claimed adherence to the 1989 NCTM guidelines,
and they opposed the teaching of standard
algorithms. Professor Schmid criticized the program
as being highly scripted, in the sense that teachers
were told exactly how to conduct lessons.
Professor Schmid then showed the audience quotes
from the TERC manual to give them a sense of the
TERC program. According to the TERC manuaL in
an old-style class, students worked alone, focused
on getting the right answer and recorded it by writing
down only numbers, used a single prescribed
procedure for each type of problem, used only
pencils and papers, chalk and chalkboard as tools.
The TERC program demanded a new-style class
where students worked in a variety of groupings,
communicated about mathematics orally, in writing
and by using pictures, diagrams and models, used
more than one strategy to solve problems, used
cubes, blocks, measuring tools, calculators and a
large variety of other materials. The TERC manual
also spelled out explicitly the new role of a teacher:
to observe and listen carefully to students; to try to
understand how students were thinking; to help
students articulate their thinking, both orally and
in writing; to establish a classroom atmosphere in
which high value was placed on thinking hard about
a problem; to ask questions that pushed students'
mathematical thinking further; to facilitate class
discussion about important mathematical ideas.
Professor Schmid made a comment that the

program emphasized multiple strategies in solving


problems to the extent that students did not learn
any primary method in the end. tie also gave a few
examples from TERC worksheets for 3rd and 5th
grade students to illustrate his point.
Professor Schmid was highly critical of the TERC
program, claiming that it had too much play and
too little substance, that students were kept
dependent on mental crutches (like fingers, clock
faces, blocks etc.), and that the practice problems
were far too few and far too easy. tie thought that
the intellectual level was too demeaning to bright
students, while students with poor verbal skills were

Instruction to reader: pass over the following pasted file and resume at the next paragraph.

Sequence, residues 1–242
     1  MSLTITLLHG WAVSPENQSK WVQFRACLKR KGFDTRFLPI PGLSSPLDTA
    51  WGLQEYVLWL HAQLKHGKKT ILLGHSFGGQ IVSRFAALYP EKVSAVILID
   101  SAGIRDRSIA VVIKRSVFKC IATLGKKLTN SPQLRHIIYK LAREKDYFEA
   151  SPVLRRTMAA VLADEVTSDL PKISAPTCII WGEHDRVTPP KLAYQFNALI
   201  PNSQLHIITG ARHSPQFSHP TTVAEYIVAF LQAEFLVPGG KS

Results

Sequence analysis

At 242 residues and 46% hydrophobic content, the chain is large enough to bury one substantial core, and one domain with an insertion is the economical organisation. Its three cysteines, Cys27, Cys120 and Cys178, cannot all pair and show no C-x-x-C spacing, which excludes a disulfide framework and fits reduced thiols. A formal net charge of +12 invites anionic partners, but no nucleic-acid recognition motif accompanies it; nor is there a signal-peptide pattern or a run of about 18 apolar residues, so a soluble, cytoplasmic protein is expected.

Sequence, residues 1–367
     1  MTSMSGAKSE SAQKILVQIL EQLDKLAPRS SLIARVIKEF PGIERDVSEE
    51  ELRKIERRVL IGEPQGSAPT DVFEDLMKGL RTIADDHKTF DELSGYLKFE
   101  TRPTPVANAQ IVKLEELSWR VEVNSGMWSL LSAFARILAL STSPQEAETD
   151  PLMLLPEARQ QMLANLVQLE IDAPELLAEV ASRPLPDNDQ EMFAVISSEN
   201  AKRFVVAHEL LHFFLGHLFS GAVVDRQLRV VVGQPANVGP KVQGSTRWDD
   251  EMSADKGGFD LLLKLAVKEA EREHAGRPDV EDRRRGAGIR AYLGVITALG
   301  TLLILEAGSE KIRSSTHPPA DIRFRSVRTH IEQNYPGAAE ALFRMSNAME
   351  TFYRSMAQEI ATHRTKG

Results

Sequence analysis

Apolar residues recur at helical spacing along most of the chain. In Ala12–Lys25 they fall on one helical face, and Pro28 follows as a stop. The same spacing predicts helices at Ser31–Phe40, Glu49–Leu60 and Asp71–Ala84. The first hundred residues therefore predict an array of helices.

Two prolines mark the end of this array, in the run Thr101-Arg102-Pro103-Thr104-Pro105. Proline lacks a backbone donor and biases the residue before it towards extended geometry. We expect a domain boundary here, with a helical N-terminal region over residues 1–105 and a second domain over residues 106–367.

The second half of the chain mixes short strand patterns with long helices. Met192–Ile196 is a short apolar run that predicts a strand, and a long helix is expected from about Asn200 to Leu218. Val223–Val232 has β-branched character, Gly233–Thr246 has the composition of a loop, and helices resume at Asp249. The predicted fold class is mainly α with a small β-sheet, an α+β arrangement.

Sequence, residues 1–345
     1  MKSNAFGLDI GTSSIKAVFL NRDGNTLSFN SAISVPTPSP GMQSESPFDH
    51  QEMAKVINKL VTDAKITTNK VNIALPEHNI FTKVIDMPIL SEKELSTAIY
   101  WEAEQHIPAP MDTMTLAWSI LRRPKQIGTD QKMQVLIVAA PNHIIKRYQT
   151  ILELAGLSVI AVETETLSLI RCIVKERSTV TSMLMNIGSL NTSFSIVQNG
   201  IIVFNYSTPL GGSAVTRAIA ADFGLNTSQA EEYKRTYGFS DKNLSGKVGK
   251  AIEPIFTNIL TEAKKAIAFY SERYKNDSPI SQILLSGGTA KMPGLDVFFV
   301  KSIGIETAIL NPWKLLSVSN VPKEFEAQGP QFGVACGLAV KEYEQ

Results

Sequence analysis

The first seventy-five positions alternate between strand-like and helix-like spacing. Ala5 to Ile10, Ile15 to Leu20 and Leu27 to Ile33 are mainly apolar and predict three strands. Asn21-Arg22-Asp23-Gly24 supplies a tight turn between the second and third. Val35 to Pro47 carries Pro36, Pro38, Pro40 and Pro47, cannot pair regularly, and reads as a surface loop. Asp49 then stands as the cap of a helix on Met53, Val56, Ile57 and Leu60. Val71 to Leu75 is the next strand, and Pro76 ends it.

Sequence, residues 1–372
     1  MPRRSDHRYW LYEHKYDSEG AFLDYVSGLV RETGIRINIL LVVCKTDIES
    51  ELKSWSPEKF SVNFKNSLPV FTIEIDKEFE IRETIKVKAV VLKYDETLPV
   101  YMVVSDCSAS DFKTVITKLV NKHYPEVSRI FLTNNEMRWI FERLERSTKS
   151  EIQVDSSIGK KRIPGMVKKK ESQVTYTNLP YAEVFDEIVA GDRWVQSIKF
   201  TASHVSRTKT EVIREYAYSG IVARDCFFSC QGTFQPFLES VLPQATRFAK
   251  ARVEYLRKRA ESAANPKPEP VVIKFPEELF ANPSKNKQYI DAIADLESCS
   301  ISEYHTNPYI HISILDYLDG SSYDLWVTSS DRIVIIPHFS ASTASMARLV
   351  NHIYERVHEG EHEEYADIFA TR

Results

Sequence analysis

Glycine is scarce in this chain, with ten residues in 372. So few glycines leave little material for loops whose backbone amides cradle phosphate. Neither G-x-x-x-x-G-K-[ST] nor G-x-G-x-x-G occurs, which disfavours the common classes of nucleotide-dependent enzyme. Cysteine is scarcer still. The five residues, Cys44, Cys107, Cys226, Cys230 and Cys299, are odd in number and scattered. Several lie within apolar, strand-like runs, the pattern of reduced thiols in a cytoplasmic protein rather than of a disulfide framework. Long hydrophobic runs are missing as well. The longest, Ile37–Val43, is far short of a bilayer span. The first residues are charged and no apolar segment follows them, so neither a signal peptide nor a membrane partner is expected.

disadvantaged.

Use of Singapore Mathematics


Textbooks in US
Professor Schmid then touched on the use of
Singapore mathematics textbooks in the United
States. tie told the audience that the Singapore
mathematics textbooks were widely used by home
schoolers, as well as in a significant number of
public and private schools on an experimental
basis. The experiments so far had been generally
encouraging. The Singapore textbooks also served
as a useful reference point for debate about
mathematics education in the United States.
Professor Schmid pointed out some obstacles to
the widespread adoption of Singapore textbooks
in the US: the extensive training required of
teachers; the need to start from 1st grade and
maintain a long-term commitment; not enough
coverage of certain topics - for example, data
analysis - that were emphasized in the US.

Conclusion
To conclude his talk, Professor Schmid offered his
views on ingredients of a good mathematics
education: well-trained teachers; balance between
computational practice, problem solving and
conceptual understanding; sensible balance
between direct instruction and discovery learning;
good textbooks; addressing the needs of students
with various degrees of mathematical talent; putting
some pressure on students but not too much.
Editor's Note: Interested readers may like to view
Professor Schmid's lecture which can be accessed
at
http:/ jsms. math. nus.edu.sg/visitors/
visitors200 l.html.

Volume 29 No.1, June 2002

Solve linear equation for x: if 3(x+5)

a) x

b)

X=

C)

X=

10

30, then
d)

X=

95

Correct responses: Singapore 96%; Japan 90%; France 82%; Russia 88%; Germany 79%;
England 61%; USA 73%
If m represents a positive number, which of these is equivalent to m + m + m + m ?

a) m + 4

b) 4m

c) m4

d) 4(m+1)

Correct responses: Singapore 82%; Japan 75%; France 65%; Russia 75%; Germany 57%;
England 42%; USA 46%

If there are 300 calories in 1 00 grams of a certain food, how many calories are there in a 30
gram portion of that food?
a) 90

b) 100

c) 900

d) 1000

e) 9000

Correct responses: Netherlands 84%; France 80%; Russia 71 %; Germany 7 4%; USA 68%
Brighto soap powder is packed in cube-shaped cartons. A carton measures 10 em on each
side. The company decides to increase the length of each side by I 0%. How much does the
volume increase?
a) 10 cm3

b) 21 cm3

c) 100 cm3

d) 331 cm3

Correct responses: Netherlands 50%; France 31 %; Russia 30%; Germany 25%;

USA 17%

a report by

Peter Pang and Teo Kok Ming